Here is the latest digital and marketing news:
Instagram has released new anti-bullying tools, Facebook is relying on AI to increase safety-despite Elon Musk’s criticism, TikTok is being criticized by child safety advocates despite the increase in downloads, Bumble and Airbnb have teamed up to make online dating more fun and Australia’s AI pop duo won this year’s Eurovision.
1. Instagram’s Anti-Bullying Tools
Even though most topics of discussion with regards to social media are about COVID 19, Instagram decided to tackle another problem that many online users are faced with; cyberbullying and harassment. The company has added new tools such as the ability to delete comments in bulk, block or restrict accounts in bulk, and pin positive comments on your post so they appear at the top, which could encourage healthy, uplifting comments on users’ posts.
Many people experience harassment from online trolls-especially those with large followings, so these tools will help users manage the negative and positive comments on their posts. The ability to delete in bulk could also discourage online bullying because if there are only good comments, it is less likely that someone will feel compelled to post a rude comment. While many people often forget influencers are human beings with feelings, Instagram’s tools may remind trolls that their comments can easily be deleted.
2. Facebook and AI
Similar to Instagram’s anti-bullying tools, Facebook has been using AI to combat harmful COVID 19 information as well as hate speech. The company’s moderators have expressed that the job has taken a huge toll on their mental health, which means AI will start moderating more content than humans will be. Both Facebook and Instagram have introduced new measures to combat bullying, graphic violence, sexual activity and nudity and hate speech. The recently published Community Standards Report indicates that the company’s AI software has been doing really well in those four areas and that they will continue to ensure the social apps are safe for users.
Even though Tesla CEO Elon Musk recently Tweeted “Facebook sucks,” in response to Facebook’s head of AI, Jerome Pesenti, who stated Musk does not understand AI very well, the company will continue to use AI software to for misinformation and hate.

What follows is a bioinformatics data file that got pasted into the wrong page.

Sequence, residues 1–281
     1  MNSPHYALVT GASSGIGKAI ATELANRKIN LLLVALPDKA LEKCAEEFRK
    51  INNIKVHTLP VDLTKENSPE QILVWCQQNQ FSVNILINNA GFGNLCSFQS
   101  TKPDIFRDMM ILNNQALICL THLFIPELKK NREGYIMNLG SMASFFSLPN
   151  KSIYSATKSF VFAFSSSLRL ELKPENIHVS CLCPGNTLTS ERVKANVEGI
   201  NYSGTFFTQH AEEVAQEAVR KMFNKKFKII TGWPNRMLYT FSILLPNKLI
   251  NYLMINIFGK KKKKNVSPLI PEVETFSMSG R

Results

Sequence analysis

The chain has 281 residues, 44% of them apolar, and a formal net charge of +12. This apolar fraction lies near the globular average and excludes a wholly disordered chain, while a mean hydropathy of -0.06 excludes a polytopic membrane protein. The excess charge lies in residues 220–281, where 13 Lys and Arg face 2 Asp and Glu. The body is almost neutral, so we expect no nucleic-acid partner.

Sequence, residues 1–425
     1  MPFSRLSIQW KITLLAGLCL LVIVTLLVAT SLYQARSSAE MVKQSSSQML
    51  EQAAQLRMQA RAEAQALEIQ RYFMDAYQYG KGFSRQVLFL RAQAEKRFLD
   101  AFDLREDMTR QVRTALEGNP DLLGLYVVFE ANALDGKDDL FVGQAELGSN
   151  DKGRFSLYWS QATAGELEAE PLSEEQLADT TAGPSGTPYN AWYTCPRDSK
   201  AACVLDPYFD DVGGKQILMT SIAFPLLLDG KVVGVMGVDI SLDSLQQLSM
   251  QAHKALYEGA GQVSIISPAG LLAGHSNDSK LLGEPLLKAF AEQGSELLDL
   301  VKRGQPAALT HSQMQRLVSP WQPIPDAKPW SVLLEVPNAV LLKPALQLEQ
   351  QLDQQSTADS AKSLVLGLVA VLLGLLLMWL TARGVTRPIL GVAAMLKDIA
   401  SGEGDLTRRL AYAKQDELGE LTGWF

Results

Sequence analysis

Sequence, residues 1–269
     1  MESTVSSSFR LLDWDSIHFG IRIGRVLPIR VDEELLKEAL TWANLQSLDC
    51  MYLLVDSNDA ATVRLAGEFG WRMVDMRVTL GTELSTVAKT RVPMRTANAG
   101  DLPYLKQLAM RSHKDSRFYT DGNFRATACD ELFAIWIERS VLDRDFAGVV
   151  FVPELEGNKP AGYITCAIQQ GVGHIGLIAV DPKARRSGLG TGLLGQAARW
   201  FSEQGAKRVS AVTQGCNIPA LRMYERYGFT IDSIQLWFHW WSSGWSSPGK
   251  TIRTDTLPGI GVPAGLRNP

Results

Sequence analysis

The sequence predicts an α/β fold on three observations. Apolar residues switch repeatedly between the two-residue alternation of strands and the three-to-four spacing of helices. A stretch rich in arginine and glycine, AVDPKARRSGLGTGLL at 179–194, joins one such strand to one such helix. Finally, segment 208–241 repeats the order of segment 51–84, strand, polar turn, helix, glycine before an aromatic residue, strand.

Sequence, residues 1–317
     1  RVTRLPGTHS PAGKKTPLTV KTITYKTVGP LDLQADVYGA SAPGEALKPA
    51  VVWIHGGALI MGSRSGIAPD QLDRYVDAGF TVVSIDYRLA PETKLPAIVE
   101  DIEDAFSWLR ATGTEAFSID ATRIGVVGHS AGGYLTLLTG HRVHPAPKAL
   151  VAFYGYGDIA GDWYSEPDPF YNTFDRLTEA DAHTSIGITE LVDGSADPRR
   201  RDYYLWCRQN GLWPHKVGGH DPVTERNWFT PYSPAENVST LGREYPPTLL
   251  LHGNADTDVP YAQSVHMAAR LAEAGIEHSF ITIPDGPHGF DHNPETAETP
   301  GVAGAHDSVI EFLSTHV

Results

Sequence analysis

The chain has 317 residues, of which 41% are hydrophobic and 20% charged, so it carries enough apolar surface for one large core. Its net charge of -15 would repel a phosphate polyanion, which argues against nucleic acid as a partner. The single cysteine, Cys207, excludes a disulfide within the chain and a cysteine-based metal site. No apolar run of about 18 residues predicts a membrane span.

3. TikTok and privacy issues
TikTok is being targeted by child privacy advocates after failing to comply with an agreement meant to protect children’s information, according to The New York Times. Despite TikTok creating parental safety tools and a different version for children under the age of thirteen, the child privacy advocates believe these features will only make children lie about their age in order to access the app without safety measures. Since quarantine began for most countries, TikTok has accumulated 2 billion downloads globally, and have stated that they take privacy very seriously, despite running into controversies such as the child privacy complaints, as well as Reddit CEO accusing TikTok of being ‘Spyware’.
In 2019, the popular app had to pay the FTC a fine of $5.7 million due to collecting personal data from children under the age of thirteen, which led them to create a family pairing feature. While it’s not the only social media app that has safety issues, it is becoming increasingly popular among young users, and the safety of the app should not go unquestioned since there are over 2 billion users.
4. Airbnb, Bumble and dating
Love in the time of COVID may be hard, but there are lots of ways it can be fun-or at least better than not being able to communicate at all. Companies Airbnb and Bumble have teamed up to create a virtual experience so that people can go on virtual dates together. Users can experience “Sangria and Secrets with Drag Queens” together, a “Secret Jazz Club,” or even get their fortunes read by a Turkish coffee psychic.
While dating in real life is not yet possible for those who are physically distancing, the ability to experience these virtual events together can still bond people and can help people feel less alone. Plus, if they stick together through quarantine, they can do all of these experiences in real life and bond even more. The experiences cost anywhere from $13 USD to $45 USD per person, depending on the event, but it sure beats awkward FaceTime sessions.
5. Australia’s AI Eurovision win
Eurovision, the popular singing competition amongst European and some other countries including Australia, has been cancelled due to the pandemic. Because of this, a Dutch broadcaster has created an AI Eurovision competition where pop-star inspired robots compete. While the whole thing may sound like a mix of Westworld and Black Mirror, Australia’s Uncanny Valley team has won the competition with their “Beautiful The World” song.
The song was inspired by Australia’s recovery from its bushfire disasters in December 2019 and January 2020. Humans helped arrange the tracks while using sounds from animals native to Australia including koalas, kangaroos and Tasmanian devil noises. While the AI themed Eurovision wasn’t as popular as the real thing, the ability to combine AI, sounds of nature, and human creativity is something that the world is continuing to see and thrive off of in the midst of a pandemic.